Adjustable trigger

The two-stage trigger is adjustable and right now stage two has a lot of creep, so I will spend some time on that for sure. The second stage pull weight can be adjusted. The sear contact is also adjustable and getting that right should eliminate a lot of the stage two creep. The position of the trigger blade also adjusts forward and back and swivels side to side. Unfortunately this is 2010 technology and the stock has to come off to gain access to all the adjustments. And, to get the stock off you first have to unscrew the air tank.

BSA R10 Mk2 trigger
Not only is the trigger adjustable (when the stock is off), the trigger blade has a lot of room for movement.

The safety is manual, thank goodness! It’s located on the left side of the receiver, so the rifle favors right-handed shooters over lefties, but the cheekpiece on the butt is raised on both sides.


Being a BSA, this rifle fills to 232 bar, which is 3,365 psi. The fill also requires a proprietary BSA fill probe that fits into a hole next to the pressure gauge on the bottom of the forearm.

BSA R10 Mk2 gauge fill port
The fill port for the BSA probe is just above the built-in pressure gauge.


The Mark2 R10 comes with a regulator that seems to be controversial among owners. Some report very consistent shots while others don’t. According to one person, he says BSA informed him the reg. spec was to keep all shots within 40 f.p.s. But a balanced valve could keep them within half of that. Naturally I will give you all the data to see what the test rifle does.


This R10 uses a spring-loaded rotary magazine that holds 10 pellets. This magazine is held in the receiver by both the bolt passing through a pellet chamber and by a sliding magazine release. The mag fits into the left side of the receiver. The top of the receiver is flat, rather than having the magazine sticking out above it, which means a one-piece scope mount is possible. But the design of the magazine and receiver rule out loading single-shot for all but the most determined shooters.

BSA R10 Mk2 mag in rifle
The circular magazine fits in the left side of the receiver. It does not rise above the top of the receiver.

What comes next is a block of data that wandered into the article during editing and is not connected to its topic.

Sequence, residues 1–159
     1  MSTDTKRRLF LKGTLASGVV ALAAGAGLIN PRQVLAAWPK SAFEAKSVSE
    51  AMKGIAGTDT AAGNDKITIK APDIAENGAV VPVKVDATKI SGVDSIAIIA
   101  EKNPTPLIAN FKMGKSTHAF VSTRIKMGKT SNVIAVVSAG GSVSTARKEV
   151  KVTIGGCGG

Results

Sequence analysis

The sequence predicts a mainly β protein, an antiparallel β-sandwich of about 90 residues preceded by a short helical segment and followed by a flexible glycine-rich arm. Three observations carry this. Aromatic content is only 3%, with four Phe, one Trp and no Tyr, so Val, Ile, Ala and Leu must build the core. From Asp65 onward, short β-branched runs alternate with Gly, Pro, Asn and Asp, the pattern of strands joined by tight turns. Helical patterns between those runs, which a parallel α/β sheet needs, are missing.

BSA R10 Mk2 magazine
The rotary magazine is enclosed in a shell.


Naturally there are no sights on this PCP. But a long and flat 11mm scope rail makes mounting a telescopic sight easy. From what I read about the R10, it deserves a good scope for the test.


Okay, we have a new/old PCP repeater to test. The trigger needs lots of adjustment and I should shoot heavier pellets to keep them subsonic and quiet. The reports say the accuracy is stunning but I will reserve judgement until we see some groups. I hope it is accurate, though, because I don’t have a tackdriving .177 PCP repeater in my arsenal.

From everything I have read and also what people have told me the R10 is quite accurate. I really hope it is, but I am cutting the rifle no slack. We shall see!

author avatar
Tom Gaylord (B.B. Pelletier)
Tom Gaylord, also known as B.B. Pelletier, provides expert insights to airgunners all over the world on behalf of Pyramyd AIR. He has earned the title The Godfather of Airguns™ for his contributions to the industry, spending many years with AirForce Airguns and starting magazines dedicated to the sport such as Airgun Illustrated.

41 thoughts on “BSA R10 MK2 precharged repeater: Part 1”

  1. B.B.,

    This is a form follows function gun based on the technology it was built upon at the time. Something like the Air Force airguns which also do not please everybody’s eyes. Maybe it would have looked sexier if it used a tube instead of a tank as a reservoir, which would have allowed the narrower profile. As it is, it does look like a pregnant guppy, not svelte at all but then again so does any Crosman 160 look alike that has been converted to use HPA.


  2. B.B.

    You mention that this is 10 year old technology. For somebody who thinks the “Darkside” is really dark, what technological improvements have been made in those 10 years?


  3. B.B.
    Hi, as the owner of a mk2, I can say I like the look of the rifle.
    Just wanted to let you know that the stock can be removed without removing the reservoir (well mine can). In fact trigger adjustment is quite an easy task, as with the reservoir in place; obviously it can be test fired with the stock off and the stock is only secured by one bolt. Have fun with it.

  4. BB,

    Looking good. Looking forwards to seeing what it can do. I see the new version is right only (comb/cheek), so that was a move in the wrong direction, in my opinion. The stock reminds me of my Red Wolf in some of it’s lines.